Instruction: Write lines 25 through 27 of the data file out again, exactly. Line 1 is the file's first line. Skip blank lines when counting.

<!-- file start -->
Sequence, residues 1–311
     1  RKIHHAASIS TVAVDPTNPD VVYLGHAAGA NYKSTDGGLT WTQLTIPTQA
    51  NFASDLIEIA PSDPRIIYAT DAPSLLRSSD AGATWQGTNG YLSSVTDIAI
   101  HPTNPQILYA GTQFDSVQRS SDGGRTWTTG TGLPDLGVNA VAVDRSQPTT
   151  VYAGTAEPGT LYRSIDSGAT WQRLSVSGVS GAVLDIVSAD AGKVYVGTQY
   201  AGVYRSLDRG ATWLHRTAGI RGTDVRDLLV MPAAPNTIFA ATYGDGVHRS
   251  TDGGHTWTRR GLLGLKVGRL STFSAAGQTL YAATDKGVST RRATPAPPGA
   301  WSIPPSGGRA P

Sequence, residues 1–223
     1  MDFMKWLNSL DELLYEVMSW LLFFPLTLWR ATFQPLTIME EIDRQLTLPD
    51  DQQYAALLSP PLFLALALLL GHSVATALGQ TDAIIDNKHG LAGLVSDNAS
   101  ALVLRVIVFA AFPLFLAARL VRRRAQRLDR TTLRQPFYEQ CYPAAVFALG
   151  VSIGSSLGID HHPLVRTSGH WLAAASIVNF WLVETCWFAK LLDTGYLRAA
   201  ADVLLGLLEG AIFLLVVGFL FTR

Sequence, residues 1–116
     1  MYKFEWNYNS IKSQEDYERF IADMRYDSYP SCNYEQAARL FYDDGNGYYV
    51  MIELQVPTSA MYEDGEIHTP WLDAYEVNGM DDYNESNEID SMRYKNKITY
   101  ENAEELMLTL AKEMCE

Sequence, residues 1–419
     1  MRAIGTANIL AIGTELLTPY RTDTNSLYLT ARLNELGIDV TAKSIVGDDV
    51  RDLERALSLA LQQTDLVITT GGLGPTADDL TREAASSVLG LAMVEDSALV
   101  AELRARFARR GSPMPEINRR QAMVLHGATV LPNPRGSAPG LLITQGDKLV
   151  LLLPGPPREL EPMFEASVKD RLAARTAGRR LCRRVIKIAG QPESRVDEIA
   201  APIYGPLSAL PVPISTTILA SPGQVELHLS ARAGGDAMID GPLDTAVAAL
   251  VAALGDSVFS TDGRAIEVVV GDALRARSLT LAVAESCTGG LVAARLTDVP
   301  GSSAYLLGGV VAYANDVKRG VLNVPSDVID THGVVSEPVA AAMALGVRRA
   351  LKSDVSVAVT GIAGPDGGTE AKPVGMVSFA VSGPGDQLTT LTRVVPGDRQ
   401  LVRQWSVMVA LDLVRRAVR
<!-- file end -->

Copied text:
   251  VAALGDSVFS TDGRAIEVVV GDALRARSLT LAVAESCTGG LVAARLTDVP
   301  GSSAYLLGGV VAYANDVKRG VLNVPSDVID THGVVSEPVA AAMALGVRRA
   351  LKSDVSVAVT GIAGPDGGTE AKPVGMVSFA VSGPGDQLTT LTRVVPGDRQ